• the time of harvesting would be determined by market factors such as timber prices, rather than the carbon price.

We could also use a hybrid approach that lets participants earn carbon credits for a large extension to the harvest age without making the system too complicated. More details can be found on page 15 in the discussion document.

Complex options for age bands

The more age bands we introduce, the more complex participation becomes and the greater the opportunity to earn more carbon credits by changing forest management.The more complex options would allow participants to earn more carbon credits if they:

  • delay harvest
  • replant a forest in a species which typically stores more carbon.

On the other hand, the more complex options make participation more difficult to manage and could restrict land use options in the future. For example, if forest owners want to keep the extra units earned by delaying harvest, that new harvest age would be locked in – they would need to use the same harvest age each time the forest is replanted in the future.

Managing a large forest estate in this way would be complicated if forest owners have to maintain many different harvest ages. Careful planning will be required to earn carbon on one rotation and avoid surrenders on another. A lot of information will need to be kept to ensure future decision makers know what liabilities are attached to the land.

If carbon prices increase, the complex options could encourage:

  • the planting of new forests, particularly exotic rotational forests
  • delayed harvesting of these forests, which would mean our forests store more carbon but could affect domestic timber processing and income from timber.

Whether to account for changes in carbon in later rotations

If we account for changes in carbon outside of the normal harvest age on the first rotation, and also account for changes in carbon in later rotations (the most complex combination of options), decisions made on the first rotation will have a large impact on the management of later rotations.

For example, if decision makers decided to extend the harvest age of the first rotation to earn more carbon credits, the next rotation would also need to be harvested at that later age to keep those additional credits. This impacts the ability for decision makers on the second rotation to harvest at a normal age as they would need to surrender carbon credits.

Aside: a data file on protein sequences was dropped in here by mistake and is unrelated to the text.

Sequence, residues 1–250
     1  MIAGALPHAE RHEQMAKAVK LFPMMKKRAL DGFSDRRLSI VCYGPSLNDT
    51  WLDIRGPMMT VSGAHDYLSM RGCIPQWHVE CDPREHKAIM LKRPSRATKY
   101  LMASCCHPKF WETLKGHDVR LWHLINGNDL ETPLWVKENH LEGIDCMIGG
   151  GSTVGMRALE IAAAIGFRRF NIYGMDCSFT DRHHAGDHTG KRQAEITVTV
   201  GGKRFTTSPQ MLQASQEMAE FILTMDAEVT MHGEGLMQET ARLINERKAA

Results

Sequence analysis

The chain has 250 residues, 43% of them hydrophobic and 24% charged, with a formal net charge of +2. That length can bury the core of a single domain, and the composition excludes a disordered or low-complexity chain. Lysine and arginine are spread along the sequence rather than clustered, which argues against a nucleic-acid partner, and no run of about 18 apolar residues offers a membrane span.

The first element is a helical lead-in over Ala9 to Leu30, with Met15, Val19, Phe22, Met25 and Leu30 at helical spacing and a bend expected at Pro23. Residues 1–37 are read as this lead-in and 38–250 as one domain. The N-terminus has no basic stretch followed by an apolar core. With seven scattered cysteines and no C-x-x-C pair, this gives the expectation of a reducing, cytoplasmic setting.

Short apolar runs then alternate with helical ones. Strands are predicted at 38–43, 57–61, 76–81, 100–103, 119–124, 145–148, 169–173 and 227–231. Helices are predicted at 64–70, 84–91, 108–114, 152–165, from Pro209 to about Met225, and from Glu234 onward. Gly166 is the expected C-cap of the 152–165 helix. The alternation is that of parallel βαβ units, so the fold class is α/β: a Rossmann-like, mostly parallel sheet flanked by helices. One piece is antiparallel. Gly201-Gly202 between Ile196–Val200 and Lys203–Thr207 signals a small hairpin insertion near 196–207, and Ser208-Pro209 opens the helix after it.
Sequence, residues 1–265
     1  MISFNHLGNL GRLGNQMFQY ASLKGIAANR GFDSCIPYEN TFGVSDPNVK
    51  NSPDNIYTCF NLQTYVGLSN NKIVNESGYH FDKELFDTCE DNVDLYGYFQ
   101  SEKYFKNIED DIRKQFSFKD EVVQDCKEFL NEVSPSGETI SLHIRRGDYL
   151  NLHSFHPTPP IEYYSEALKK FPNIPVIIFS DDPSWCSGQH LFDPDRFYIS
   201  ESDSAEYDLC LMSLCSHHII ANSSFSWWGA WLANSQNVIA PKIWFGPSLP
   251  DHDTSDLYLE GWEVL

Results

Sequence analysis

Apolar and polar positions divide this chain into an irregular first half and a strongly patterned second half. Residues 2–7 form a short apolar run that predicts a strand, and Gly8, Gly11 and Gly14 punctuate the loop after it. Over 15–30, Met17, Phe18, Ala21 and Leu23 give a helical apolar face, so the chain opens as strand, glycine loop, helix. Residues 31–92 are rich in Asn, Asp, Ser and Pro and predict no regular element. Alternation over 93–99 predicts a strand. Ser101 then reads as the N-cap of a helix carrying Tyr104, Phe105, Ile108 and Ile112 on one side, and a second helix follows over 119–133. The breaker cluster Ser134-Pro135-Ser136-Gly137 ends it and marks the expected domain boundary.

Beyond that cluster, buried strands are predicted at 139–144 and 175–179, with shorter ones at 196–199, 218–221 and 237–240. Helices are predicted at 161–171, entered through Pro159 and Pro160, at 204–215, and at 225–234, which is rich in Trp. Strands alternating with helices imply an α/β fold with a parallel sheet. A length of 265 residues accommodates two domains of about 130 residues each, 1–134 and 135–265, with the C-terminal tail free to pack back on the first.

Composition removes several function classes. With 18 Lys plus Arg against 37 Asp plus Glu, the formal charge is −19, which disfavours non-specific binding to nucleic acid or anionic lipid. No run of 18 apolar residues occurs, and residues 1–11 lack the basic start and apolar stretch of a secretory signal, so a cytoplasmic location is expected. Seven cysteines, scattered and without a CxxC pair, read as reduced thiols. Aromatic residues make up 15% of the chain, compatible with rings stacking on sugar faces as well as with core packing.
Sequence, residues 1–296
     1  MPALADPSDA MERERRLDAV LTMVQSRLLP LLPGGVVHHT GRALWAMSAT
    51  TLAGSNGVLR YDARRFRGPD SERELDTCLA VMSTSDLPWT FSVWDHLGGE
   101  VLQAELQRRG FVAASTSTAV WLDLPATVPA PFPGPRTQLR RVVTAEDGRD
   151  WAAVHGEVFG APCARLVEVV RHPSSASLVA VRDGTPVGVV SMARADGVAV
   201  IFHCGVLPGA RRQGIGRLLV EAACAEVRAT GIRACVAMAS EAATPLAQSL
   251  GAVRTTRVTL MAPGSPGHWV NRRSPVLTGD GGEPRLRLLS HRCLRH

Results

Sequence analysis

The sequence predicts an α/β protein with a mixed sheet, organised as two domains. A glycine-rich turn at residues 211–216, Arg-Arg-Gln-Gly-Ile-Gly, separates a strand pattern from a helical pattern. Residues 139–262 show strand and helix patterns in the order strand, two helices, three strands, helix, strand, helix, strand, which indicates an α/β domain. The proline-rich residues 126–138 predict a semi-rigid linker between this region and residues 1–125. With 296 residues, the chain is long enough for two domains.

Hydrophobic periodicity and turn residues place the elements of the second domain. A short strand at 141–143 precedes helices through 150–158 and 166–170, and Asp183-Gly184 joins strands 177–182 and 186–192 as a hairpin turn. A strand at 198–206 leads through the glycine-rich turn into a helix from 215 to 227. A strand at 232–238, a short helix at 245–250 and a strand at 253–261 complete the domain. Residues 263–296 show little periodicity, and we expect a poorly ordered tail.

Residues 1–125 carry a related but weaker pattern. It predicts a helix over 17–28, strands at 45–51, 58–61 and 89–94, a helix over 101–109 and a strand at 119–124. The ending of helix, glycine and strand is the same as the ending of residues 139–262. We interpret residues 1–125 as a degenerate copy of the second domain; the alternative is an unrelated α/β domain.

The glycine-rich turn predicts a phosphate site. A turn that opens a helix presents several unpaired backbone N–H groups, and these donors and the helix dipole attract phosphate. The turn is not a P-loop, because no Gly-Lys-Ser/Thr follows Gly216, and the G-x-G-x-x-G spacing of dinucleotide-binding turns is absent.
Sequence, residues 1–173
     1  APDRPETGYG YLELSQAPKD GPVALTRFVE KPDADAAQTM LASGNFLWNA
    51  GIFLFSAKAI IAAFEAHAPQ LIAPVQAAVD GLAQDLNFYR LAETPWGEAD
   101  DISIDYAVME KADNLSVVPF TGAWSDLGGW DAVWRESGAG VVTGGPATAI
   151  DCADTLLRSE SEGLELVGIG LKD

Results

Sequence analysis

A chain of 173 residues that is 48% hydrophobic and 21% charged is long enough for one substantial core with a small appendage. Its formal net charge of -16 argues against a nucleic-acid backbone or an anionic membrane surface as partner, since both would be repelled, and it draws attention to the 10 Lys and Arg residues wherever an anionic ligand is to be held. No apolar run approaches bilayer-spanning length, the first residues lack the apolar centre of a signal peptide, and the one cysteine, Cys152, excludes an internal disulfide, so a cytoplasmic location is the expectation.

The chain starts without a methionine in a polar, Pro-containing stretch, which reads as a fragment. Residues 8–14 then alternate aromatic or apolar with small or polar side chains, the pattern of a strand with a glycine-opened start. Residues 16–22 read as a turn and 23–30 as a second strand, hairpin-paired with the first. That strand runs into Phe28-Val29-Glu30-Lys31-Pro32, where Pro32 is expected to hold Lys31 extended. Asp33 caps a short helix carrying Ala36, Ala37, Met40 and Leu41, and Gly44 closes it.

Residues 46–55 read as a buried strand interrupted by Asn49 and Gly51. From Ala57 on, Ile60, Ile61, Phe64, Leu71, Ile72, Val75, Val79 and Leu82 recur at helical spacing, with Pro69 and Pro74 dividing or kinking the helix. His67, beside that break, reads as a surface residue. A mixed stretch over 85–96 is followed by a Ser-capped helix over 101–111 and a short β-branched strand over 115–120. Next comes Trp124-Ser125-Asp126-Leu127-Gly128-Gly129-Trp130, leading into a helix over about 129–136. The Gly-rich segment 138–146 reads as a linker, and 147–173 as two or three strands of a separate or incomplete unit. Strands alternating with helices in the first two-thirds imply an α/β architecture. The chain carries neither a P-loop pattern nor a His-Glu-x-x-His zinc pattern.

Even the simplest approach for age bands (a single band) could lock in the type of your forest. For example, if decision makers registered a first rotation pine forest in the ETS, the second rotation decision makers would have to surrender units if they wanted to change it to another kind of forest after harvest.

Option to not account for changes in carbon in later rotations

We are consulting on an option which would stop detailed accounting after the first rotation. This would mean that subsequent rotations could have a different forest type or harvest age without any carbon credits being earned or surrendered.

Benefits

This could let forest owners manage their forests how they see fit in line with changing environmental, regulatory, and economic priorities. All participants would have to show is that their land remains in forest. This means that a forest would need to be replanted within 4 years of being harvested.

Drawbacks

Owners of second rotation forests would not be able to earn carbon credits, and this approach would only work with simple averaging accounting options.
This option is discussed in more detail on page 25 of the discussion document/te pepa matapaki. We would like to hear how not accounting in detail for later rotations would affect you and your hapū/iwi or organistation, and if you support it.

Where to find more information

The Ministry for Primary Industries website has information on all of the policy changes being made to the forestry parts of the ETS.

You can also get in touch with us at: